Bipolar Disorder : Psychological Trauma And Neurobiological Abnormalities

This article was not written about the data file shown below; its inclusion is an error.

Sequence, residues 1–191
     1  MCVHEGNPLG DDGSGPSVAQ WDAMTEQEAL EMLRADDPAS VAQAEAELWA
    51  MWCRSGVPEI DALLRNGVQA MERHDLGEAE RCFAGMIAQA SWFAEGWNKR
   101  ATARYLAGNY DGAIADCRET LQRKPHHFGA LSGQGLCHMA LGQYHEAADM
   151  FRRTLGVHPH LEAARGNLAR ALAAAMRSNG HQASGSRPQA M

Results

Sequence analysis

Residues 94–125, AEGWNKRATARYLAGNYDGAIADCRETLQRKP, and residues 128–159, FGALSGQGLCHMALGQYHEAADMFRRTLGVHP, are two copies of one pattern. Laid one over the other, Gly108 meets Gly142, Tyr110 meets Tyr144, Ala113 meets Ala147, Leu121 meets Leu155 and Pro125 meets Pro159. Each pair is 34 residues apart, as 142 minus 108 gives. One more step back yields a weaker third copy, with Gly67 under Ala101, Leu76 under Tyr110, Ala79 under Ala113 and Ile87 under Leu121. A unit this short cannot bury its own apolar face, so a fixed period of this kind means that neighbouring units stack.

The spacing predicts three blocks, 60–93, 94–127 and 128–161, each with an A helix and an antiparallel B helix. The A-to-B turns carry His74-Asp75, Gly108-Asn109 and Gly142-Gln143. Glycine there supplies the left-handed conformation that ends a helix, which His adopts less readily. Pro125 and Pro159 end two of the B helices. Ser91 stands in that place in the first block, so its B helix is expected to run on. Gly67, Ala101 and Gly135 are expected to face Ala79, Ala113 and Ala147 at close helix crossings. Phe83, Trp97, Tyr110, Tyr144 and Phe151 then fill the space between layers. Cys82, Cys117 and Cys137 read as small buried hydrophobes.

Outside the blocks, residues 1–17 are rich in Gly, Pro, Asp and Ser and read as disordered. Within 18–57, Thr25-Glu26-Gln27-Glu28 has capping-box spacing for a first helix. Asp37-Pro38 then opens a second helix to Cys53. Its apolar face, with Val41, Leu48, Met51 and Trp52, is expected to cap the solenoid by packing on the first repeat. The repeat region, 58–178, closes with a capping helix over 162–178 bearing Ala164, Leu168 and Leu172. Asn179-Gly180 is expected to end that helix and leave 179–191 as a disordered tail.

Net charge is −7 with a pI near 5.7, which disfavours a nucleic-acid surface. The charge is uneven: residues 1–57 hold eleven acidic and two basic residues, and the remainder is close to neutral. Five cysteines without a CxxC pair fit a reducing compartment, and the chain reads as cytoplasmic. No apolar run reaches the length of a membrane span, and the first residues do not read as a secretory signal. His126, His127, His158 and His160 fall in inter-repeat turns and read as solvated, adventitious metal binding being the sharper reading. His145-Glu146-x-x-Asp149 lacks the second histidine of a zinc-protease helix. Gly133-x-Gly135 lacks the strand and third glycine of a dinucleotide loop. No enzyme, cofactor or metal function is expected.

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In Letters from a Bipolar Mother Alyssa Reyans states, “bipolar robs you of that which is you. It can take from you the very core of your being and replace it with something that is completely opposite of who and what you truly are.” Individuals diagnosed with bipolar disorder are often misdiagnosed because bipolar is such a complex disorder that contains symptoms of other mental illnesses. Bipolar disorder is a debilitating mental illness that consists of multiple different forms, each with their own symptoms and severity. Bipolar I and bipolar II are the two main forms of the disorder and often the most studied. Research has been conducted in both the fields of psychology and neuroscience but questions over the main cause of onset of the disorder still arise. Researchers have concluded through the most current research that the most influential factors in the development of bipolar disorder are psychological trauma and neurobiological abnormalities. I argue that researching psychological trauma is the best way to understand and treat the disorder; however inconsistencies and lack of research in both psychology and neuroscience has led researchers to misinterpret data thus creating false conclusions. Bipolar disorder is considered to be on a spectrum that ranges in symptoms and severity and is directly related to psychological trauma and genetic composition. Bipolar I is categorized as the most extreme form of the disorder that cycles between manic and depressive episodes.
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